The global sea level is rising, yet only part of that rise can be attributed to the effects of climate change. New research has calculated that human impacts on terrestrial water storage make up around 42% of total sea level rise, in particular, the extraction of groundwater that eventually makes its way to the ocean. Tidal measurements have revealed that the global sea level rose by 1.8mm per ...


    By GLOBE Foundation

  • When sea levels rise, damage costs rise even faster

    Damages from extreme events like floods are even more relevant than the mean sea level itself when it comes to the costs of climate impacts for coastal regions. However, while it is now rather well understood how sea-levels will rise in the future, only small progress has been made estimating how the implied damage for cities at the coasts will increase during the next decades. A team of ...


    By GLOBE Foundation

  • Geo-engineering and sea-level rise over the 21st century

    Scientific findings by international research group of scientists from England, China and Denmark just published suggest that sea level will likely be 30-70 centimetres higher by 2100 than at the start of the century even if all but the most aggressive geo-engineering schemes are undertaken to mitigate the effects of global warming and greenhouse gas emissions are stringently controlled. Most ...

  • Rising sea levels threaten Ghana`s coastal communities

    Ghana will experience increased flooding brought on by rising sea levels caused by global warming, a modelling study has predicted. The study, published in Remote Sensing last month (7 September), says that about 650,000 people and almost 1,000 buildings in the three communities in the Dansoman area of ...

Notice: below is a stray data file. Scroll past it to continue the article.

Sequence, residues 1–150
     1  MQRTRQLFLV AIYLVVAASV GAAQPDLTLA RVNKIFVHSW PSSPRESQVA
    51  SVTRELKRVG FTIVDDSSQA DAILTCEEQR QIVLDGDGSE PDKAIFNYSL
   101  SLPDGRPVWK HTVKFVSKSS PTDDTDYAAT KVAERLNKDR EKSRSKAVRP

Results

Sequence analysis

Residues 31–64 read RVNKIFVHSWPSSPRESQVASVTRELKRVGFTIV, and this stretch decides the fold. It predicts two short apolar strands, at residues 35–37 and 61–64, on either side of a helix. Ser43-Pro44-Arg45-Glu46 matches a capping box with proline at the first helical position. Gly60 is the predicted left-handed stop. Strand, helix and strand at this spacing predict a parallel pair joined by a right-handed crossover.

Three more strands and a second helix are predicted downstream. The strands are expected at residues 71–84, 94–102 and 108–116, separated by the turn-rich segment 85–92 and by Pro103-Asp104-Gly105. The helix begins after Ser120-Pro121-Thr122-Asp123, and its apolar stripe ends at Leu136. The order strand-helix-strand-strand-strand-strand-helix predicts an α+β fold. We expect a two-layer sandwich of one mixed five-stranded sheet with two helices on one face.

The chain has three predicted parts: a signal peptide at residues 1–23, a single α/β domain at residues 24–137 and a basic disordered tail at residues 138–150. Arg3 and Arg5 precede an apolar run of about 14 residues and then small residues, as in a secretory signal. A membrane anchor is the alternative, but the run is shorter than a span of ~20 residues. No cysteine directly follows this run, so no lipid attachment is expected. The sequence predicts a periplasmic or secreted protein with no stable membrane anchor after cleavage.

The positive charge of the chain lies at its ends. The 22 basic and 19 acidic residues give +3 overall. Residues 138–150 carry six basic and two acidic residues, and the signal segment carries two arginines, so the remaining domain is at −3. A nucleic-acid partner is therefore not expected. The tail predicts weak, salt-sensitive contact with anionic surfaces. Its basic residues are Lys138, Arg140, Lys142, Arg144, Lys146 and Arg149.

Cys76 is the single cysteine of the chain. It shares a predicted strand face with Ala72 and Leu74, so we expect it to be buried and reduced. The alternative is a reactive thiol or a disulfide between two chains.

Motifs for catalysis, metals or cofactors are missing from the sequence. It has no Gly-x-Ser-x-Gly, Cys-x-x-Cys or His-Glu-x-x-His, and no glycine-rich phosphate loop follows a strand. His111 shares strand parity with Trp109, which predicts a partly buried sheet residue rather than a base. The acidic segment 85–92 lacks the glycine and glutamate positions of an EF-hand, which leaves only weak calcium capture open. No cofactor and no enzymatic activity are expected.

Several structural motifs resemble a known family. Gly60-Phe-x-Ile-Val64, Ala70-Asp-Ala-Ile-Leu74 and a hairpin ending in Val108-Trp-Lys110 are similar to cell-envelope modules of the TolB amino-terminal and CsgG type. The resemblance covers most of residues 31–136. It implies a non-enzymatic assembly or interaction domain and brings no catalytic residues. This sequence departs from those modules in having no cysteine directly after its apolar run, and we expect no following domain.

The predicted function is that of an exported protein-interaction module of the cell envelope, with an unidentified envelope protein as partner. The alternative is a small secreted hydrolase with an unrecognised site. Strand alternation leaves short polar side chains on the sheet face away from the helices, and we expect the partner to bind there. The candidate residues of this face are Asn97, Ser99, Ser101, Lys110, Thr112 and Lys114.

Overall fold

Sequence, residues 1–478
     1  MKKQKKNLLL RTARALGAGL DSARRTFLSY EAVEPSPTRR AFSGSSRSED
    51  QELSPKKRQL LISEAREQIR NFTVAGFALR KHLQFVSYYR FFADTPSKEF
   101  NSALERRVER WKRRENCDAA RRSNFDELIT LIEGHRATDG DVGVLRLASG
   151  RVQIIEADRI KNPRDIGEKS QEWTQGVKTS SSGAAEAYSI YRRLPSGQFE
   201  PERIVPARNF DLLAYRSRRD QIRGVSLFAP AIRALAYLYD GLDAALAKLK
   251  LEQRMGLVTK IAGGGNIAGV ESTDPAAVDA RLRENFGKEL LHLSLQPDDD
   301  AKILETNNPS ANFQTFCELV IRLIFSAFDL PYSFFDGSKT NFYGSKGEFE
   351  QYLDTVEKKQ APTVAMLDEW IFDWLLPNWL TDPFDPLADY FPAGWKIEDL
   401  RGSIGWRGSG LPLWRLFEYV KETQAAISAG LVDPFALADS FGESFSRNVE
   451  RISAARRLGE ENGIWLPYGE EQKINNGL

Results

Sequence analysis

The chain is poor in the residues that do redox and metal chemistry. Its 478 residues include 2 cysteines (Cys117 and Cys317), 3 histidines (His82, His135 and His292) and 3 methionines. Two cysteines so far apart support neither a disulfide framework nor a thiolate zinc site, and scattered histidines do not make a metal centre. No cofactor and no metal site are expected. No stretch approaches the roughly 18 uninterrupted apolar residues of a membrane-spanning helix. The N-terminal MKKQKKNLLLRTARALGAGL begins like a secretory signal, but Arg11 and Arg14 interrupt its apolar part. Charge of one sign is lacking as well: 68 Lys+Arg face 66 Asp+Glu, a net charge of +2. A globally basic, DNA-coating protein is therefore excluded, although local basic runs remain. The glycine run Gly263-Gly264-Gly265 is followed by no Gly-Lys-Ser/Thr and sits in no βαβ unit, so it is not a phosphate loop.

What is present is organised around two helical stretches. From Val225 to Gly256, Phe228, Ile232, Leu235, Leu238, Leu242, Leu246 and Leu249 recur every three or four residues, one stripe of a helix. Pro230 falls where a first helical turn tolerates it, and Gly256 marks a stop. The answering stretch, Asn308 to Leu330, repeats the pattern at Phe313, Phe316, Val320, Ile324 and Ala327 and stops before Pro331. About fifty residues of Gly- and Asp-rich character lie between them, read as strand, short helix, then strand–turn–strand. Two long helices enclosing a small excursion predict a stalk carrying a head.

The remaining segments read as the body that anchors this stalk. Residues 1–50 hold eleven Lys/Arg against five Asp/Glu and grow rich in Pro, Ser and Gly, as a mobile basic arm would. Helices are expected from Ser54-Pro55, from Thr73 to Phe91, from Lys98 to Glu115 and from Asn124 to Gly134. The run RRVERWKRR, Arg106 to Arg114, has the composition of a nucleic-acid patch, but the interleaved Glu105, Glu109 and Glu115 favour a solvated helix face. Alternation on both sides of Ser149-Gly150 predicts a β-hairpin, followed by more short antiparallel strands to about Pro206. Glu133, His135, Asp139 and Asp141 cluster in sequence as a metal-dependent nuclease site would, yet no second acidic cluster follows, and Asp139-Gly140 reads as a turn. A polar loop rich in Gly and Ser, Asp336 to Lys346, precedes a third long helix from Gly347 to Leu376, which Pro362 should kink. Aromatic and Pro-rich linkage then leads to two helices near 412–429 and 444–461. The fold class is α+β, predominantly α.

By SciDev.Net

  • Sea level rises could far exceed IPCC estimates

    Could our coastlines disappear underwater much sooner than we think? The controversial view that sea levels could rise at a rate of more than 1 metre per century has found support from a new study of a long-melted ice sheet. In reconstructing the events at the end of the last ice age, Anders Carlson of the University of Wisconsin-Madison and colleagues found that the Laurentide ice sheet, which ...

  • Uncorking East Antarctica yields unstoppable sea-level rise

    The melting of a rather small ice volume on East Antarctica’s shore could trigger a persistent ice discharge into the ocean, resulting in unstoppable sea-level rise for thousands of years to come. This is shown in a study now published in Nature Climate Change by scientists from the Potsdam Institute for Climate Impact Research (PIK). The findings are based on computer simulations of the ...

  • Jason-3 Launches to Monitor Global Sea Level Rise

    Jason-3, a U.S.-European oceanography satellite mission with NASA participation that will continue a nearly quarter-century record of tracking global sea level rise, lifted off from Vandenberg Air Force Base in California Sunday at 10:42 a.m. PST (1:42 p.m. EST) aboard a SpaceX Falcon 9 rocket. Jason-3 is an international mission led by the National Oceanic and Atmospheric Administration (NOAA) ...

  • Researchers say sea levels rising faster than predicted

    Rises in sea levels during the coming decades could be much higher than previously believed, say experts. A new report by a consortium of scientists from the National Oceanography Centre in Southampton, UK, and research centres in Germany and the US says that sea levels rose by an average of 1.6 m every hundred years when the Earth was last as warm as it is predicted to be by the end of the ...

  • Tropical nations to see above average sea-level rises

    Coastal areas in the tropics may see some of the largest sea-level rises due to take place this century because of climate change, according to a study. This would particularly affect the Indian Ocean and Western ...


    By SciDev.Net

  • Modelling effects of sea level rise in Northern Gulf of Mexico

    NOAA has awarded USD750,000 for the first year of an anticipated USD3 million research investment to develop the information and tools critically needed to plan for sea level rise and other consequences of climate change along more than 300 miles of the northern Gulf of Mexico's shoreline. The study team, led by Scott Hagen, Ph.D., of the University of Central Florida, will develop sea ...